The popularity of inexpensive lipsticks such as Tangee and Woodbury made lipsticks much more accessible.
The next big innovation was indelible lipstick, which was developed by Hazel Bishop, an American chemist, in the late 1940s. Bishop’s Lasting Lipsticks were hugely successful, but were eclipsed by Revlon. In 1940 Revlon had expanded from nails to lipstick, with the company’s ever-prescient founder, Charles Revson, seeing the potential for matching nails and lips and capitalizing on this, introducing the company’s lipstick with a huge color advertising campaign. In 1951 the company launched its Indelible-Creme lipstick and that, unfortunately, was pretty much the end for Hazel Bishop.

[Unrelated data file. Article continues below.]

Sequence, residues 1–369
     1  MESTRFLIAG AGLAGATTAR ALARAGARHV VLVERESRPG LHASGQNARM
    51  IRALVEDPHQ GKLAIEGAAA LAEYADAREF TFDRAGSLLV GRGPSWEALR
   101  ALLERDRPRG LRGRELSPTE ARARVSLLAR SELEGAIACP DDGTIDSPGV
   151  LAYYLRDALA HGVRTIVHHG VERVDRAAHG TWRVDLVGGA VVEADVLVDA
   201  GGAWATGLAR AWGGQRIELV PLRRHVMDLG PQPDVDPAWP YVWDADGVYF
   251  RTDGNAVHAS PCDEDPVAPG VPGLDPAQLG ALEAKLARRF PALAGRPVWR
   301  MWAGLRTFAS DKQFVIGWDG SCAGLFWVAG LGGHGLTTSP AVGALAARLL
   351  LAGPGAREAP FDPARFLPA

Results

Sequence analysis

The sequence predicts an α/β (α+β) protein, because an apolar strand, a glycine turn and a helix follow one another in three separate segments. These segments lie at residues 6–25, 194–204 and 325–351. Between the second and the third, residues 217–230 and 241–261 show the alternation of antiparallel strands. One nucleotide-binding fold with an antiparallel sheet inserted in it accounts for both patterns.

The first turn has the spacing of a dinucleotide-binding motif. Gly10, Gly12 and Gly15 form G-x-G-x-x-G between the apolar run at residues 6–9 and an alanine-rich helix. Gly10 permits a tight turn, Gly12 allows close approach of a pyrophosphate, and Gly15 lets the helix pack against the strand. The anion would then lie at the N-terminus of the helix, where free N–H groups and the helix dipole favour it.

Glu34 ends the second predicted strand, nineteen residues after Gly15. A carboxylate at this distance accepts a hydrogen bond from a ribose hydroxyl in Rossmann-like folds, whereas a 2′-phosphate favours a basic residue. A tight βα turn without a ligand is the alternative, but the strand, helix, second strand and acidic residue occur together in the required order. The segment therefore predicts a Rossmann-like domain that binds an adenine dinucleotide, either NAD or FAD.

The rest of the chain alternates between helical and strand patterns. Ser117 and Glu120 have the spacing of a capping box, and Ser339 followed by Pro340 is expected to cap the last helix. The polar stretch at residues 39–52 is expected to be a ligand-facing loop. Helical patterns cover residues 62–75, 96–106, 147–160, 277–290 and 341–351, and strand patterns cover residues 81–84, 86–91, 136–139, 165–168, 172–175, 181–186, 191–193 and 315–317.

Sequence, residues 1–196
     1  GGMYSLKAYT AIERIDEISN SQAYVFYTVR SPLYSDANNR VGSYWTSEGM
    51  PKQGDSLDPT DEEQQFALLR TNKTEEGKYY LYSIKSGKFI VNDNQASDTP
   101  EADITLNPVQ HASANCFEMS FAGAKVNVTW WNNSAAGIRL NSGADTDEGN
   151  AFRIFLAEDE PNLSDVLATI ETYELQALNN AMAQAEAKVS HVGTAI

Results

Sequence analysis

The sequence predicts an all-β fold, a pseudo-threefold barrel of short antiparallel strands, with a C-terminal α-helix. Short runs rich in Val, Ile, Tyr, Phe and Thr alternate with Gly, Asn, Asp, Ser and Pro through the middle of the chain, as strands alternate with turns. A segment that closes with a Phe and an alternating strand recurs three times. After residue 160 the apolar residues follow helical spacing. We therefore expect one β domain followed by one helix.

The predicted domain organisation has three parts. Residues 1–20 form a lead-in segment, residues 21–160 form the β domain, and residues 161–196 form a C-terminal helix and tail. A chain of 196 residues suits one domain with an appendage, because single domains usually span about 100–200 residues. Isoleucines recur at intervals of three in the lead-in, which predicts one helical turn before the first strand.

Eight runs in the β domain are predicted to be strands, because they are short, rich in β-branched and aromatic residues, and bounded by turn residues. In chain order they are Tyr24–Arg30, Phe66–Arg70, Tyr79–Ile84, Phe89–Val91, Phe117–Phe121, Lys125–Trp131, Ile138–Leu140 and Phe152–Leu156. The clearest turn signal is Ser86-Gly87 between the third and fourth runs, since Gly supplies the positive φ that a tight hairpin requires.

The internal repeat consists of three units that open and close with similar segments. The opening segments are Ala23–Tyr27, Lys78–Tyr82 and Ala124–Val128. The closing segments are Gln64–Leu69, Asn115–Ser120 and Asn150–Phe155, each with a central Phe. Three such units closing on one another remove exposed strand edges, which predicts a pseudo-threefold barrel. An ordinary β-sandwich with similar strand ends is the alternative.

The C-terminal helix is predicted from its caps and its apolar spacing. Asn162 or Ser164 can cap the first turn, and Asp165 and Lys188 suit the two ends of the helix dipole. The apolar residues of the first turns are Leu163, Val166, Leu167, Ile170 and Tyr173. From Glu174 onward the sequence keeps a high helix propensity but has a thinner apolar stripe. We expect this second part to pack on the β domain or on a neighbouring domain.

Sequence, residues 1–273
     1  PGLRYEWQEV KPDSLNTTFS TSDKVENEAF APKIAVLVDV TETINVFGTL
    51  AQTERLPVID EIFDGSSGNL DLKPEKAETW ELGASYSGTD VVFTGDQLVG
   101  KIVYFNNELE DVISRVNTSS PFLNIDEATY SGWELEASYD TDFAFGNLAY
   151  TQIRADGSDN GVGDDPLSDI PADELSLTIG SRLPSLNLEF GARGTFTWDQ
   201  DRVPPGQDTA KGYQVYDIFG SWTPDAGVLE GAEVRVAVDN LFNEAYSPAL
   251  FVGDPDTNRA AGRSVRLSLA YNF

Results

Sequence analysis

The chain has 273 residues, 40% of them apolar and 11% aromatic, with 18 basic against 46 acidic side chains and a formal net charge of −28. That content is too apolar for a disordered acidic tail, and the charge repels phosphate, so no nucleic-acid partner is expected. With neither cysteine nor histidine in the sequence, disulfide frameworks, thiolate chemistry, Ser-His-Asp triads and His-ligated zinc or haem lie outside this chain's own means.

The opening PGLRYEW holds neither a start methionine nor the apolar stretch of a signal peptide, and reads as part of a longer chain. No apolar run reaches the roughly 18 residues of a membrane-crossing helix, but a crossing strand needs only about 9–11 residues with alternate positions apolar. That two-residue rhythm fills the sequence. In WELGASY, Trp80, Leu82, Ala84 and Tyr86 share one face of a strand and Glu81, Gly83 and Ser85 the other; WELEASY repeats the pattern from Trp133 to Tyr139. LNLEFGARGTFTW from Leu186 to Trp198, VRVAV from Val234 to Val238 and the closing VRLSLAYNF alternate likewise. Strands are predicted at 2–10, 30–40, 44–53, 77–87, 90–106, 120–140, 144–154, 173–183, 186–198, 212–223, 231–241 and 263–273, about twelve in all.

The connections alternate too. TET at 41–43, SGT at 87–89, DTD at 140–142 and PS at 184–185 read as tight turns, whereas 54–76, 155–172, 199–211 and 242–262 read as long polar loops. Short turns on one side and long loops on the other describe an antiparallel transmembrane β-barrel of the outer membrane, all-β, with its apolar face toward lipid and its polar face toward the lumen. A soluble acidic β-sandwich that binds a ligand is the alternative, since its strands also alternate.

The golden age of lipstick was undoubtedly the 1950s, when a beautifully packaged lipstick along with an ornate powder compact were essentials in every woman’s makeup bag to be pulled out for public touch-ups at any given moment. New innovations continued to be made notably Cutex’s introduction of flavored lipsticks in 1964, aimed, no doubt, at the growing teenage market but for the next couple of decades, attention would shift to the eyes. Lip gloss sales eclipsed lipstick in the nineties, and for a while, lipstick appeared rather outdated to the younger generation. But in recent years this trend has been bucked; the focus is back on the timeless luxury and ritual that is bound up in lipstick, with many of the premium brands launching signature ranges encased in packaging reminiscent of a bygone era in terms of innovation and sumptuous design.
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